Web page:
HMRC Is Shite

HMRC Is Shite
Dedicated to the taxpayers of Britain, and the employees of Her Majesty's Revenue and Customs (HMRC), who have to endure the monumental shambles that is HMRC.

Tuesday, 24 May 2011

Groundhog Day

Groundhog
It seems that, as with the regular cycle of the seasons, there is yet another government "headline catching initiative" to reduce the red tape negatively impacting British business.

The Telegraph reports that the Treasury has asked the Orifice of Tax Simplification (OTS) to identify how bureaucracy in the tax system holds small businesses back.

Exchequer Secretary David Gauke, who is beginning to feature on this site a little too frequently, claims that wants the OTS to identify ways to improve the way that HMRC interacts with small businesses, including the processes involved in starting and growing new firms.

One of the major problems with the tax system, as it currently stands, is that it was set up with a "Victorian mindset" of people working for only one employer. In the real world many people are now self employed, or work for several employers.

Job "flexibility" and "getting on our bikes" has long been pushed by governments of all political persuasions. However, it is ironic that the tax system (under the control of these governments) remains rigidly inflexible wrt "portfolio" working.

As to whether anything tangible comes of this latest "initiative", remains to be seen. I would observe:

1 Governments, over the last few decades, have all claimed that they want to reduce the burden on business. Yet that burden has steadily increased over the years. These "initiatives" for reducing red tape make nice headlines, yet nothing ever seems to come of them.

2 HMRC's mess is the direct result of government interference, and the ever increasing complexity of tax legislation. The solution lies in the hands of the politicians.

3 Politicians thrive on complexity and tinkering with the law/regulations.

Why?

They need to show the voters that they perform a useful function, and that we cannot do without them.

In order for things to change/improve those who control the system (ie the politicians) must genuinely want things to change/improve.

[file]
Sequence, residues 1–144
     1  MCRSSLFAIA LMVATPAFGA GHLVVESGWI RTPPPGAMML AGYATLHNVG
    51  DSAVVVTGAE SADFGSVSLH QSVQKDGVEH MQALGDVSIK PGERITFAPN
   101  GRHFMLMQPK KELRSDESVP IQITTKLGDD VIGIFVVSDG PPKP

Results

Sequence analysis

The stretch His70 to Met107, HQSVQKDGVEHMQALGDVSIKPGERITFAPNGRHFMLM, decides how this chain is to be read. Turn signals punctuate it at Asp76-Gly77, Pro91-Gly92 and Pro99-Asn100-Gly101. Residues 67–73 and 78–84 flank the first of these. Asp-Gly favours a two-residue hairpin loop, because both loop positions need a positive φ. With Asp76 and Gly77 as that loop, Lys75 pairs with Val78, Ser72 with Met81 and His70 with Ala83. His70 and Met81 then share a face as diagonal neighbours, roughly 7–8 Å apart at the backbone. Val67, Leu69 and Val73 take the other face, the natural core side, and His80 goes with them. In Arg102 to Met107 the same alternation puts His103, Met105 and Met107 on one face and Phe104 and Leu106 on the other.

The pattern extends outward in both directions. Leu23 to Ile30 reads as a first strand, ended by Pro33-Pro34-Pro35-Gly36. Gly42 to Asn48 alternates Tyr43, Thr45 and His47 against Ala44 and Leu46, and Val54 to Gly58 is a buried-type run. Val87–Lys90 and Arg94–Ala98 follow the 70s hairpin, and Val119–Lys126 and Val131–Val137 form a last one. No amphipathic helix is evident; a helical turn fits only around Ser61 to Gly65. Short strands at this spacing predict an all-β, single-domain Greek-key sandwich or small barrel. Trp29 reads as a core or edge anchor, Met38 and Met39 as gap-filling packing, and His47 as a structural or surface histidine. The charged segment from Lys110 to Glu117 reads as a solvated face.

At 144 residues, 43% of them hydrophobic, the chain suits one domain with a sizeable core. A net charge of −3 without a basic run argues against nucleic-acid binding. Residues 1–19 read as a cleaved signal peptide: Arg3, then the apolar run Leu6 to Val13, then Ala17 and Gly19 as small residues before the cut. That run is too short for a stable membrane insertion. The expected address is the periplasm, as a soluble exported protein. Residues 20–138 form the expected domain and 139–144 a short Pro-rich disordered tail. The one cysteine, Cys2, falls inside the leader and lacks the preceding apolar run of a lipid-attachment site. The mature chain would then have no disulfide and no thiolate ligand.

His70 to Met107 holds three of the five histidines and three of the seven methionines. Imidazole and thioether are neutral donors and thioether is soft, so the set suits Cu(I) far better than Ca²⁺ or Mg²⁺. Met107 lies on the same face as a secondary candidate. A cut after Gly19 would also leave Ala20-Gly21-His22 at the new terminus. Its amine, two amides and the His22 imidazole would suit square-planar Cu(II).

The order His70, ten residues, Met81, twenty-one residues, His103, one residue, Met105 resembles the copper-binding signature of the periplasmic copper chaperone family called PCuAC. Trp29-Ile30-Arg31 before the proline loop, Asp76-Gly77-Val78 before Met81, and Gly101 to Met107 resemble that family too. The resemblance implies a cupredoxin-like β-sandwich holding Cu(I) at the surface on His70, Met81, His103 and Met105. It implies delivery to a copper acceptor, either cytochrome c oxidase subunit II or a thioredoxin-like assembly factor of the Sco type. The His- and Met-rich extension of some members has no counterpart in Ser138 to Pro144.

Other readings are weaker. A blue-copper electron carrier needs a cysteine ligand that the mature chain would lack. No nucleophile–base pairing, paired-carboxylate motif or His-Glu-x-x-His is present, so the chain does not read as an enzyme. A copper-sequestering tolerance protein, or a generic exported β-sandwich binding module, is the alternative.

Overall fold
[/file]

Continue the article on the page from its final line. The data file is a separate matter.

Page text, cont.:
The question is, do the politicians really want things to change and improve?

All views and comments, as always, welcome.

Tax does have to be taxing.

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2 comments:

  1. To be fair, self-assessment can cope with multiple employments/self-employments/portfolio working etc. PAYE is a little more tied in to the "Victorian" mindset of one employer, but back in the day when Tax Officers were properly trained, they could juggle allowances around to make sure that people paid the right amount of tax. This was done with bits of paper without benefit of computers and it worked pretty well.
    There has always been "red tape" and I defy you to find a tax system without it. (Ever seen an American tax return? Horrendous!) Having said this, the unlamented Gordon Brown could not resist constantly tinkering with the system, making it inpenetrable to both the taxpayer and the Inspector. The problem we have now is a complicated tax regime run by people who have not the slightest clue how to operate it.

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  2. They don't want people who can understand how to operate it. They would have to get reasonably intelligent people in who expect a decent wage for the hard work they do.

    What they want is a process that can be broken down like a production line where no individual has any responsibility for the mess that comes out the other end. Then they can drag someone in off the street, say put that figure in that box and press 'enter'. That way you can pay them peanuts and replace them every 6 months.

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